Abby McEnany Knows Exactly Who She Is and You Can Take Her Words for It — Awards Spotlight

"The story is about a fat, queer dyke."

Abby McEnany

In a way, her entire life has been leading up to this moment. A veteran of the Chicago comedy scene, Abby McEnany  spent 25 years learning and growing and honing her skills before creating a one-woman show titled “Work in Progress,” which, with the help of co-creator Tim Mason, became an independently funded and filmed pilot titled “Work in Progress,” which was admitted to the Sundance Film Festival, and was ultimately picked up to series by Showtime as, you guessed it, as a series titled “Work in Progress.”

McEnany seems entirely unfazed that it’s taken until this far into her career to breakthrough on the mainstage. But in reality, it couldn’t have happened any other way. “Work in Progress,” in which she stars — in addition to serving as executive producer and writer alongside Mason and Lilly Wachowski — belongs among television’s version of autofiction.

Autofiction is a term popularized in literary circles to describe fictionalized autobiographies, and while it’s not a perfect way to characterize the small personal shows drawn heavily from the creator and star’s life — see also “Better Things,” “Ramy,” and, yes, “Louie” — it does allow for the blurring of lines with reality, creating a universe that’s more real than real and imbuing the the show’s fictionalized world with an unrivaled intimacy.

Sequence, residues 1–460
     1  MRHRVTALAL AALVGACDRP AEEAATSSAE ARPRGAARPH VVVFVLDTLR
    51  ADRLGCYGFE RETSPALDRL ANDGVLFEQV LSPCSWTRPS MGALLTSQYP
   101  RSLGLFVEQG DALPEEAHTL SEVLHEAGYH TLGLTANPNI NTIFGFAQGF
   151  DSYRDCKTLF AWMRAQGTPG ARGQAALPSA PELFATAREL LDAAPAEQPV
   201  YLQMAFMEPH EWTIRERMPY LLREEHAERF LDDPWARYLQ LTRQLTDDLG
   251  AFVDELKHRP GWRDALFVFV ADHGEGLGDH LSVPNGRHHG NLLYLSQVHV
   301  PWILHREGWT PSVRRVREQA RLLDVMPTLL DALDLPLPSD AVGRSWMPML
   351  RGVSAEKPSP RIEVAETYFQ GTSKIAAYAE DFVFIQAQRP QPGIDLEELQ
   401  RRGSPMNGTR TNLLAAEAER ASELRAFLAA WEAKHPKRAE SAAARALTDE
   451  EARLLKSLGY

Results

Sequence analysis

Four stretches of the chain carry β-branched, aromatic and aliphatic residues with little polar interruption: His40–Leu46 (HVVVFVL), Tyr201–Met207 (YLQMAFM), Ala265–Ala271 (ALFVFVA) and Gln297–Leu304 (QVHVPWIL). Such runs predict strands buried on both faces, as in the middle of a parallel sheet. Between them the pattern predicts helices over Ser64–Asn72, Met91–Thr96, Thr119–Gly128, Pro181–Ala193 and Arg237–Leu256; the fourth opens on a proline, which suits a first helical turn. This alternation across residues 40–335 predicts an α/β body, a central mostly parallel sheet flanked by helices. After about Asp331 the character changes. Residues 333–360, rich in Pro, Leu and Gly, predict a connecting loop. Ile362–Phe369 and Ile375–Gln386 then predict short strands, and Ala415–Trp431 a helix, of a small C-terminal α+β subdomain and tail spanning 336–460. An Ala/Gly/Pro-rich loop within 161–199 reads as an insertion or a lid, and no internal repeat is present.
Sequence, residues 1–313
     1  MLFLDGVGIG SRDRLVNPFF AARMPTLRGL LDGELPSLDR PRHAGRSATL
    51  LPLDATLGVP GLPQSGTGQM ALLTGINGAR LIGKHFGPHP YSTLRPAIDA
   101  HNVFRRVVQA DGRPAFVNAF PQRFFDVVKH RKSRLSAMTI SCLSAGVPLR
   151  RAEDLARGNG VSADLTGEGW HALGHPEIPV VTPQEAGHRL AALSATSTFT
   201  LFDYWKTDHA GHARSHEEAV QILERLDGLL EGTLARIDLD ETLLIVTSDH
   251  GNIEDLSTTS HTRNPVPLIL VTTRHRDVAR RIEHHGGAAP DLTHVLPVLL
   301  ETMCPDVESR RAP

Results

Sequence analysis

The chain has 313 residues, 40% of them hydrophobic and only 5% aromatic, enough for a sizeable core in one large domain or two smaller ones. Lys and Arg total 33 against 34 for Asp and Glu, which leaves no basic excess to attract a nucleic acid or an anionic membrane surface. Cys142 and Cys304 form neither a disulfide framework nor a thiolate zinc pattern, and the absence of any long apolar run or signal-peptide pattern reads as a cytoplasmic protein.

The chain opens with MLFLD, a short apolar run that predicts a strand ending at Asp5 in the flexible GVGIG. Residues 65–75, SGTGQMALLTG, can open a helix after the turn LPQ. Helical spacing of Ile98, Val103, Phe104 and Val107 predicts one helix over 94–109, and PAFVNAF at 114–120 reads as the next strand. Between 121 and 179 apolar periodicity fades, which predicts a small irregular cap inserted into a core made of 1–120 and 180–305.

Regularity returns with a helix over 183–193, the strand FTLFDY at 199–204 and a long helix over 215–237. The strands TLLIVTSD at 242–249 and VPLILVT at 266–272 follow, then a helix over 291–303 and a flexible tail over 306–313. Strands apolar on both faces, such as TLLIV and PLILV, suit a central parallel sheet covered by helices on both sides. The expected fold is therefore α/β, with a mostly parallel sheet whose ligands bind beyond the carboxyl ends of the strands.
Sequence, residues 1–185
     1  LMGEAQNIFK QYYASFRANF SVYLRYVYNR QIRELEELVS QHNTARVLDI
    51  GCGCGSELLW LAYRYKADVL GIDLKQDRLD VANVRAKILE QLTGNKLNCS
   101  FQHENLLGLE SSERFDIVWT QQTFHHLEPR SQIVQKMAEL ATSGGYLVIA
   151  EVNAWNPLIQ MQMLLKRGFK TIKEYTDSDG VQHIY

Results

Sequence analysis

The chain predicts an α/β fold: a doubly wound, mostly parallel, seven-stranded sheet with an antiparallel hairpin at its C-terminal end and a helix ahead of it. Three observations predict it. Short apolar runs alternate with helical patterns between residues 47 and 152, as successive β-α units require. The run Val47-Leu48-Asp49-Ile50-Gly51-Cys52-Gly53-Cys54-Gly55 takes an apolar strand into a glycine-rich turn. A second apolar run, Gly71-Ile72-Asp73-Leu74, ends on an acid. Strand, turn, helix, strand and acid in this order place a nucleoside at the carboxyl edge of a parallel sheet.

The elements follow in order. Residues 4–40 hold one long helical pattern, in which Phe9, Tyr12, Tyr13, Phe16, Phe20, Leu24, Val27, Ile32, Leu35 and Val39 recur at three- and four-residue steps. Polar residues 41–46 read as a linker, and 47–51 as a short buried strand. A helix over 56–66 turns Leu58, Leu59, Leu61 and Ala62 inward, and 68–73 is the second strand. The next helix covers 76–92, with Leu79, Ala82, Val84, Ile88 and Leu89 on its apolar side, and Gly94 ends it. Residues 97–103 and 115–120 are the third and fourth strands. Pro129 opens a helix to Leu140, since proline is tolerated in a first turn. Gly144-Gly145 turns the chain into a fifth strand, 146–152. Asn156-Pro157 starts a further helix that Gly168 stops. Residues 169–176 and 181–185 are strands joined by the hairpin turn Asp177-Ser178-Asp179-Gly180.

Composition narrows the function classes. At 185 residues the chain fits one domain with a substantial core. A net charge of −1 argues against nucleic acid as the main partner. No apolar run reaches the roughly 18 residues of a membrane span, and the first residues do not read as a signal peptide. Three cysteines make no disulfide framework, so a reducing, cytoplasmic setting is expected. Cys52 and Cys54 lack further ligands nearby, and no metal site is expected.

In “Work in Progress,” that means clear-eyed conversations about gender and sexual identity, about bigots and body image, about mental illness and suicidal ideation, but also about family and relationships and friendships and love and self-loathing and about, honestly, just how ridiculous life is most of the time.

“I would always say, ‘The story is about a fat, queer, dyke,’ and when we went to press with marketing and stuff, it was always ‘self-identified,’” McEnany said in our video interview, laughing over how important it was that everyone made sure that it was her own words describing the show that way, delineating between self-identification and what others might term slurs.

To speak with McEnany as IndieWire did in our Spotlight video above is to engage with a brilliant creator, an ebullient spirit, and a person who understands the the darkest parts of the human spirit, as well as the absolute absurdity of human existence and isn’t afraid to speak frankly about either.

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